For industrial grade applications, a more typical arrangement than the conventional servomotor, is a suitably geared down 3 phase motor, with either end-stop detection, or some form of position encoding, controlled by a HVAC (or main line voltage) control circuit, either switched or PID based.
For instance, in railway locomotives, while the pantograph seems an ideal candidate for a big servomotor, that is rarely if ever the mechanism used for extension and retraction. Note also that pantographs are not always two-position, some designs have fairly sophisticated sensing mechanisms and fine position and pressure control.
Another typical actuation mechanism for the kind of motion you are describing is the use of pneumatics or hydraulics - you can see this in the lift arms of fire trucks, for instance, or as the actuators for garbage trucks. This prevalence of liquid / gas drives instead of electric motors is for at least a couple of reasons: Safety (electrical failures and fail-safe modes) and flexibility of power routing. It is easy to have a compressor far removed from the moving parts, and just use piping down to the actuator.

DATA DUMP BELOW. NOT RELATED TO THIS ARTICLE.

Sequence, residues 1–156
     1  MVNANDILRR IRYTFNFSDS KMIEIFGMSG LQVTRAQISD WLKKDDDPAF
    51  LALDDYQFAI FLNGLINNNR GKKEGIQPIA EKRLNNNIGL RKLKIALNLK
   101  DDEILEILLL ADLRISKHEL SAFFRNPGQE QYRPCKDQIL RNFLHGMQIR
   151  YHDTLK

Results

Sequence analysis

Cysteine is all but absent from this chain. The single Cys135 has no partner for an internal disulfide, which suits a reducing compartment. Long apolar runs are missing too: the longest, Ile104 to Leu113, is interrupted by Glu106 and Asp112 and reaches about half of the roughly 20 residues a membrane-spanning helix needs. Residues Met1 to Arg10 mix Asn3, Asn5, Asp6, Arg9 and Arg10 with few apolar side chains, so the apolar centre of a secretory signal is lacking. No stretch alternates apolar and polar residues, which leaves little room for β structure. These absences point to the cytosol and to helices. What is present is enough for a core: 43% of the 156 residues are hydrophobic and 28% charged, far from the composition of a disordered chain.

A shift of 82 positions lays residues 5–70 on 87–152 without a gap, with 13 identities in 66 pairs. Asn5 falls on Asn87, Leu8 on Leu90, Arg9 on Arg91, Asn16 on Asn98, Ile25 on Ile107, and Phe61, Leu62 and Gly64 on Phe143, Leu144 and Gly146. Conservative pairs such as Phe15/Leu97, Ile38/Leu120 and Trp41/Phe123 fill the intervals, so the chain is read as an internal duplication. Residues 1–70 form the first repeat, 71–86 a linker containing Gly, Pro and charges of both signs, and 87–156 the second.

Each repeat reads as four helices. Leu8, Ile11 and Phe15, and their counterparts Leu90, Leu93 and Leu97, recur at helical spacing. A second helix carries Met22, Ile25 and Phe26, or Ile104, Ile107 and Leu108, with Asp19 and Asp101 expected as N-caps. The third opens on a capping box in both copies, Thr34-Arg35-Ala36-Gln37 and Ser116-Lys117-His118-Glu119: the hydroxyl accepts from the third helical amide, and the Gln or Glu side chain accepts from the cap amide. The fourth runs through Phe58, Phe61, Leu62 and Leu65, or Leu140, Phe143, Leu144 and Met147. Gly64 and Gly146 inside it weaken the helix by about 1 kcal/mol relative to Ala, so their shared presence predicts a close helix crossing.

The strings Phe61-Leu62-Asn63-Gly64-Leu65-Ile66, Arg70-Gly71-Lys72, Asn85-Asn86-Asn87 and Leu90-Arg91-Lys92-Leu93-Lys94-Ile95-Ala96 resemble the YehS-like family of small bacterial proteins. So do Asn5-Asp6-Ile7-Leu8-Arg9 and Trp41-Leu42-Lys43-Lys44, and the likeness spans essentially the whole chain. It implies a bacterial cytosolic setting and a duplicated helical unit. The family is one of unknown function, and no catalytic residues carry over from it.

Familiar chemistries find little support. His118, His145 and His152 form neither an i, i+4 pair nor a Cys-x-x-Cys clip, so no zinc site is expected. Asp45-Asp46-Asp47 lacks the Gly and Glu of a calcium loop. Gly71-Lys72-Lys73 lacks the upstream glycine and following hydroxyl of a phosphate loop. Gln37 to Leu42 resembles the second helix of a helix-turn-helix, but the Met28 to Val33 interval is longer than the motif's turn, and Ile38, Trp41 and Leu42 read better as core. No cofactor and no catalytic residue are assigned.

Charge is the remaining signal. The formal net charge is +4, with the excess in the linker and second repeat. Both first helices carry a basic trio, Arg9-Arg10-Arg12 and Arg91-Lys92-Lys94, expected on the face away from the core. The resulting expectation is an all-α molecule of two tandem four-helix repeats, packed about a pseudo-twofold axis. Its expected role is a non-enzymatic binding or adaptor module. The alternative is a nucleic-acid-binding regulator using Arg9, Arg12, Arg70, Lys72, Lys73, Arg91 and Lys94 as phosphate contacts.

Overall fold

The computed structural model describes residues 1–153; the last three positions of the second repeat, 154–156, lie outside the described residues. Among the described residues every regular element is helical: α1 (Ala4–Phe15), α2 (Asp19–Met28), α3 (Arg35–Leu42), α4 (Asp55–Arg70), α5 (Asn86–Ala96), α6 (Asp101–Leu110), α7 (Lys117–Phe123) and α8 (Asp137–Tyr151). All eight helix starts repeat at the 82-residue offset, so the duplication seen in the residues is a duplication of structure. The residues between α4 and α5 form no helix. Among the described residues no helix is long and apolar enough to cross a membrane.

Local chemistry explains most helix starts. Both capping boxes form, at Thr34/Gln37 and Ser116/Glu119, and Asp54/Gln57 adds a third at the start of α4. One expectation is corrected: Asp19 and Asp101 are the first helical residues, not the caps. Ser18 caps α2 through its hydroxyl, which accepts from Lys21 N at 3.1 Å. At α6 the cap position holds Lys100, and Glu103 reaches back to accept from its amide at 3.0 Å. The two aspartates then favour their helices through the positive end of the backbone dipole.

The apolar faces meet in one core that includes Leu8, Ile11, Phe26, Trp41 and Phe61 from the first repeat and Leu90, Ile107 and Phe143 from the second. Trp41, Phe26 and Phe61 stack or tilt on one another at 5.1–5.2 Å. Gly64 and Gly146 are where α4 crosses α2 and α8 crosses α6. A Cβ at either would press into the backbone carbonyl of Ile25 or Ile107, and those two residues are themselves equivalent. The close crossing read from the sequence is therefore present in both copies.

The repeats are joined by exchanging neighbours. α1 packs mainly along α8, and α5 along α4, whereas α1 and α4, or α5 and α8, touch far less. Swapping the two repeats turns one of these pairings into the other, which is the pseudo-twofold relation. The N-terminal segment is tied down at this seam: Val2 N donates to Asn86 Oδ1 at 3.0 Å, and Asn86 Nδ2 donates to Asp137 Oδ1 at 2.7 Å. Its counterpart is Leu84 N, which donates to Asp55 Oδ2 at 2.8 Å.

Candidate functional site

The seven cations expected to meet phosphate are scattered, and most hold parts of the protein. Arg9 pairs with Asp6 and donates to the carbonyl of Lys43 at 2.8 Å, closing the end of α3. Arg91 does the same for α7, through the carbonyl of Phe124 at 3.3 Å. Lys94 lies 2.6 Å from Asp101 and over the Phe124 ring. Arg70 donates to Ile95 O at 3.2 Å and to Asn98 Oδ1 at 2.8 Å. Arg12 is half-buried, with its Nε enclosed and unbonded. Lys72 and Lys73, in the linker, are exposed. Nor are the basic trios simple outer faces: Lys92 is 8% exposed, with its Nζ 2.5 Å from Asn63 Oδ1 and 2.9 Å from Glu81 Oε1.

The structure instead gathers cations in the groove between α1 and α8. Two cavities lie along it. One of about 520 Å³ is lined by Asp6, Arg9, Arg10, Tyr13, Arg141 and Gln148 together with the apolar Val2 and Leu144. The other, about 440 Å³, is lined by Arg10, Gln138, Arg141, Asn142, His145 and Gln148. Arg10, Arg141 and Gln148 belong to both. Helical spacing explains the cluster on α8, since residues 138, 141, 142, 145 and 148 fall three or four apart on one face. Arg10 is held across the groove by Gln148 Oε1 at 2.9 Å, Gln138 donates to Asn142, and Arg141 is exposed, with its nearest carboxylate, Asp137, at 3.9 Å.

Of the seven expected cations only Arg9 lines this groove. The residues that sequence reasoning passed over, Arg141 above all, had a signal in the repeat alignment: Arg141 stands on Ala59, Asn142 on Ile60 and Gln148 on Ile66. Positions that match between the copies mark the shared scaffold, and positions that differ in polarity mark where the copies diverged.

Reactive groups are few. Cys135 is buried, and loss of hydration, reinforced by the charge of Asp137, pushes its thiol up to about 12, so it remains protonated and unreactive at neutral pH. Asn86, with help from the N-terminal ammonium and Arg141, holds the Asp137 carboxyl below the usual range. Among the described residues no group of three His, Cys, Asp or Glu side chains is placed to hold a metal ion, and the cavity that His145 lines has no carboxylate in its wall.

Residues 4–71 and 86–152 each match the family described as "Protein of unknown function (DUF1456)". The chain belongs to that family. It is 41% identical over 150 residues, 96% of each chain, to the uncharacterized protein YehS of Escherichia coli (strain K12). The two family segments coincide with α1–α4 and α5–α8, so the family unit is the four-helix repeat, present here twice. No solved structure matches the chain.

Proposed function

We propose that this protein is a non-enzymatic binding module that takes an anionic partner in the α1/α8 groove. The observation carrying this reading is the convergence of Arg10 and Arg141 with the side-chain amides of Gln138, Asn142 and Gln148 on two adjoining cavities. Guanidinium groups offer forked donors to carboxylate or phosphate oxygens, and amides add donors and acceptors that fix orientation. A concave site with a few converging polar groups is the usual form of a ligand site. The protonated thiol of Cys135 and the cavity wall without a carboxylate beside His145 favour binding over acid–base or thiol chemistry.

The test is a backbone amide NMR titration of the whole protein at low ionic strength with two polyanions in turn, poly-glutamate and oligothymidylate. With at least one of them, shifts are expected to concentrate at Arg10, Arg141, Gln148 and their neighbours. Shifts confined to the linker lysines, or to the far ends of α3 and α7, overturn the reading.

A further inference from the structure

Again, there are a number of sensors involved, to ensure precise positioning with such actuators. This is either in position steps, or fully analog sensing. There are also usually independent channel end-stop sensors to account for catastrophic failures by engaging some sort of fail-safe. The positioning, either way, is via external feedback channels rather than the integrated model used in hobby servomotors.